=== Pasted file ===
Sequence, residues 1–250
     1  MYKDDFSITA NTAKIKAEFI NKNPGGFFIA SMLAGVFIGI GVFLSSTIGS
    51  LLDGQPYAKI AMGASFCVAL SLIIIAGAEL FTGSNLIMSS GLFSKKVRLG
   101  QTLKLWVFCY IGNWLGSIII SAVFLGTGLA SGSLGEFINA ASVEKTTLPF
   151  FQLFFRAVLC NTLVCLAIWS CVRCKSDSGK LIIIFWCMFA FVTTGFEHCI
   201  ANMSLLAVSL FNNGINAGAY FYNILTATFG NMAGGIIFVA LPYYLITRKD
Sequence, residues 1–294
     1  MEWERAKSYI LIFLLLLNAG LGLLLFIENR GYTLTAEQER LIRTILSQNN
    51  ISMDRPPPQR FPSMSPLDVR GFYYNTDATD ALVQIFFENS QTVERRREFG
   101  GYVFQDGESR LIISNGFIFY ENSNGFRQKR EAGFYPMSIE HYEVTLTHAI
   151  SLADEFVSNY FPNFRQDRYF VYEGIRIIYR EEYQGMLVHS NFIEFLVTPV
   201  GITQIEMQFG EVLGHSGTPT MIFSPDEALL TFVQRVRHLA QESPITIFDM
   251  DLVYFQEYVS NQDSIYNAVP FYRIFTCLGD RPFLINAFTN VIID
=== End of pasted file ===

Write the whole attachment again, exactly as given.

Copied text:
Sequence, residues 1–250
     1  MYKDDFSITA NTAKIKAEFI NKNPGGFFIA SMLAGVFIGI GVFLSSTIGS
    51  LLDGQPYAKI AMGASFCVAL SLIIIAGAEL FTGSNLIMSS GLFSKKVRLG
   101  QTLKLWVFCY IGNWLGSIII SAVFLGTGLA SGSLGEFINA ASVEKTTLPF
   151  FQLFFRAVLC NTLVCLAIWS CVRCKSDSGK LIIIFWCMFA FVTTGFEHCI
   201  ANMSLLAVSL FNNGINAGAY FYNILTATFG NMAGGIIFVA LPYYLITRKD
Sequence, residues 1–294
     1  MEWERAKSYI LIFLLLLNAG LGLLLFIENR GYTLTAEQER LIRTILSQNN
    51  ISMDRPPPQR FPSMSPLDVR GFYYNTDATD ALVQIFFENS QTVERRREFG
   101  GYVFQDGESR LIISNGFIFY ENSNGFRQKR EAGFYPMSIE HYEVTLTHAI
   151  SLADEFVSNY FPNFRQDRYF VYEGIRIIYR EEYQGMLVHS NFIEFLVTPV
   201  GITQIEMQFG EVLGHSGTPT MIFSPDEALL TFVQRVRHLA QESPITIFDM
   251  DLVYFQEYVS NQDSIYNAVP FYRIFTCLGD RPFLINAFTN VIID